The Proud Look and Our Concept of God

“These six things doth the LORD hate: yea, seven are an abomination unto him:

“A proud look, a lying tongue, and hands that shed innocent blood,

“A heart that deviseth wicked imaginations, feet that be swift in running to mischief,

“A false witness that speaketh lies, and he that soweth discord among brethren”

(Proverbs 6:16-20)

Here, we read about the things that God consider as abominations. There are seven listed and they are in a particular order. The first thing listed is “a proud look.” It makes sense that this comes right away for all the other things are related to that first instance of pride in the heart.

We see proud looks in the Bible. Phineas, in 1 Samuel, watched Hannah as she poured out her heart in silence at the Tabernacle. She’s childless and mocked for it in her home. There, at the altar, she begged The Lord to give her a son. The high priest looked at her and thought she was a “drunk woman,” rebuking her without knowing the facts of the matter. Meanwhile, Phineas was a detached father who stood idly as his sons turned the Tabernacle into their personal playground with fornication and corruption. Within a couple years, Phineas’ sons will be dead and Hannah’s firstborn son, Samuel, will be leading the nation of Israel.

Michal was one of King David’s wives, a daughter of Saul who once helped save her husband’s life. The king brought the Ark of the Covenant back to Israel and to its new capital, Jerusalem. It had gone missing from its central place in the nation when Phineas’ sons lost it in a battle with the Philistines. Now the Ark, representative of the presence of The Lord, was being set up in David’s backyard.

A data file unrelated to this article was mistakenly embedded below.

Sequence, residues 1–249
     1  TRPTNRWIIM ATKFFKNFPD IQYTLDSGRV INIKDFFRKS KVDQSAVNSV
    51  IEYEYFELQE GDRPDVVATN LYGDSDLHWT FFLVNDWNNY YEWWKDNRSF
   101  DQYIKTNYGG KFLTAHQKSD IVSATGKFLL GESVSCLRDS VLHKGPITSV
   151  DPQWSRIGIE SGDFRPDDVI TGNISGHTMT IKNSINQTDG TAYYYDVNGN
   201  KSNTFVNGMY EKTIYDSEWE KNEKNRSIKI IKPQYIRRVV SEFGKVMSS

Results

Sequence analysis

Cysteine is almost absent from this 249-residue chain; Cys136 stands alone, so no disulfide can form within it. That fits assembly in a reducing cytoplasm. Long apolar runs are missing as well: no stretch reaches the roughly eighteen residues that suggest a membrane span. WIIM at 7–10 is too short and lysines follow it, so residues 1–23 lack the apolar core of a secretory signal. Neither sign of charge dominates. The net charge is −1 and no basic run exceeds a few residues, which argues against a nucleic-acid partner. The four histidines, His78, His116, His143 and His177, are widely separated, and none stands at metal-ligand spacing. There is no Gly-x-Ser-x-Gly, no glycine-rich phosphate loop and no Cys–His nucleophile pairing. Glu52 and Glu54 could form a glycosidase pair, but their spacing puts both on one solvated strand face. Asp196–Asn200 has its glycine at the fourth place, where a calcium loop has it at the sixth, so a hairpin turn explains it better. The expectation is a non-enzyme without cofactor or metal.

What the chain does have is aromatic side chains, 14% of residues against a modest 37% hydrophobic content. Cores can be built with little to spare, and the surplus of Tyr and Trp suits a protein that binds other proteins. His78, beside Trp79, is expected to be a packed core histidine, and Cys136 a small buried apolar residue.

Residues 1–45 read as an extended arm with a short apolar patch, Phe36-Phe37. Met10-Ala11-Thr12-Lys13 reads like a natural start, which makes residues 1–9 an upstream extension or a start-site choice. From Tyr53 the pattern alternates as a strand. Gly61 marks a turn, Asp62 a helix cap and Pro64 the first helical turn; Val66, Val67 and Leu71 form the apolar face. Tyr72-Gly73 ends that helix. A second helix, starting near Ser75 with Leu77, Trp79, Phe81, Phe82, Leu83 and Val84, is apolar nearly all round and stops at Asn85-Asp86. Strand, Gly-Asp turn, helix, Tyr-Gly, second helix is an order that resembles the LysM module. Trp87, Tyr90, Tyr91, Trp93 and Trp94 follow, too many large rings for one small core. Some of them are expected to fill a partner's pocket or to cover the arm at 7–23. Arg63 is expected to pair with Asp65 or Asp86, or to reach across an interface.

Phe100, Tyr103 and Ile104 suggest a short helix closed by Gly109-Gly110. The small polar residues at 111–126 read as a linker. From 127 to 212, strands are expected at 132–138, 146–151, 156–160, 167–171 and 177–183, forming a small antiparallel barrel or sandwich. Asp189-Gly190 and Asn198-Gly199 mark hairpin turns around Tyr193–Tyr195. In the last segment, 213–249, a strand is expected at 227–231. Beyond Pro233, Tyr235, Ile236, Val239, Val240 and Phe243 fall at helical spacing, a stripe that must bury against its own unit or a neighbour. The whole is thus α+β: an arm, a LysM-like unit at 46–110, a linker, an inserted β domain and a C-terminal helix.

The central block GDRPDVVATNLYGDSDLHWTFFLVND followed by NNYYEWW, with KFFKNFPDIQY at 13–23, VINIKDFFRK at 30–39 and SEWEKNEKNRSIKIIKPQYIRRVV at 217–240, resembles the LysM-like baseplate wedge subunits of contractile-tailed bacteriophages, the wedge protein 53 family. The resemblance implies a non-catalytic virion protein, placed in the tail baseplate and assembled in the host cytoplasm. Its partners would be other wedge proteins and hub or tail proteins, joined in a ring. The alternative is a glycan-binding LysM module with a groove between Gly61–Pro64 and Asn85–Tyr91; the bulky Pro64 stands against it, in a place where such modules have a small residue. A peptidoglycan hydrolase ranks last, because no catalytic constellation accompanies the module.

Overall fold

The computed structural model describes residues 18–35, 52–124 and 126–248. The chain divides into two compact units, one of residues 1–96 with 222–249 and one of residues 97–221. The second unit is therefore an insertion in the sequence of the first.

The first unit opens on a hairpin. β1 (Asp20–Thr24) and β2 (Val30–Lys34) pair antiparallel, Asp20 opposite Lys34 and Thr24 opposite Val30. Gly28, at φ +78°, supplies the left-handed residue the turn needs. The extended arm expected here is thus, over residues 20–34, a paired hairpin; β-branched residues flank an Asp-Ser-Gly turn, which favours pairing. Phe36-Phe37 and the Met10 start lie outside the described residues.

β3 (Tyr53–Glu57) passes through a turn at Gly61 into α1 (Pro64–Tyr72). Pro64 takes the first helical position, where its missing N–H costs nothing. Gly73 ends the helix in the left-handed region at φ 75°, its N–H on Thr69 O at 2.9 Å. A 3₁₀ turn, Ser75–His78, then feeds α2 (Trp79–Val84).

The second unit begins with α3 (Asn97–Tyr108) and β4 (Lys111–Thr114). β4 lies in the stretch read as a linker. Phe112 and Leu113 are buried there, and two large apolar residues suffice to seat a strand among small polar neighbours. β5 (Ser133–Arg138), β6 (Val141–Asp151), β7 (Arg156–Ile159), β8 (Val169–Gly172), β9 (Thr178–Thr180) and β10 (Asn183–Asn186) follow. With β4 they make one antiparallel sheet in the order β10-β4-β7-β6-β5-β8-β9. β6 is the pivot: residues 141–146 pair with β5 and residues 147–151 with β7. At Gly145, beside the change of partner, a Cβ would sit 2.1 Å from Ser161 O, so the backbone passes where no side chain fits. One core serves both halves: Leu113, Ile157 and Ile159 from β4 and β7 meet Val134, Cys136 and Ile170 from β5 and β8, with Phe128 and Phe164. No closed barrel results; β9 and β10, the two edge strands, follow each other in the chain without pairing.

The sight of the Ark in Jerusalem brought rejoicing throughout the city and David was unrestrained in his excitement. He danced wildly and mightily in his linen gown. It was a sight that stirred contempt in Michal and she told David as much, chiding him for making such a spectacle of himself before his subjects. David was far from chastened; he declared that he did what he did unto The Lord. As for Michal, her disdain and bitterness ran so deep it deadened her womb. She would bear no children for the King.

Michal had an issue with David’s worship style. It was too free for her. All she saw was how others might see her in the light of her husband’s joy. Her words were the product of her pride, revealed as a proud look. What was the real issue? Perhaps, she envied David’s relationship with God. Maybe she desired the kind of intimacy the king experienced with Him in prayer and praise, but for all the wrong reasons, such as admiration and popularity. Michal’s hardness seems to have gotten the better of her. There is no more to read of her story. I would like to think that Michal’s barrenness spoke something into her, that at some point she would go before The Lord as Hannah did in her barren condition.

Subtle Contempt

I have done this and have given in to proud looks. I have watched people enjoy themselves in The Lord and criticized their doctrine, their leadership style, and their habits outside of church. It is the outgrowth of a root of bitterness and it has led to some serious chastening as God dealt with my issues. I am learning to be aware of these thought patterns and the conversations they sometimes trigger. Contemptuousness wriggles inside in subtle ways. The Spirit works to expose these things to us through our Bible reading, our closet life, and the pulpit we sit under. The ability to discern instances of prideful thinking represents a great mark of maturity.

Even the Apostles were given to proud looks. In John 9, the disciples ask Jesus about the man born blind. “Rabbi, who sinned, this man, or his parents, that he should be born blind?” In effect, asking, “Who’s responsible?” The concept of karma rests on this basic premise, a sort muscled up spin on the. Galatians 6 principle: “Whatsoever a man sows, he shall also.” Hinduism and Buddhism take this even farther with reincarnation. Something done in a past life determines a person’s status and standing in his present.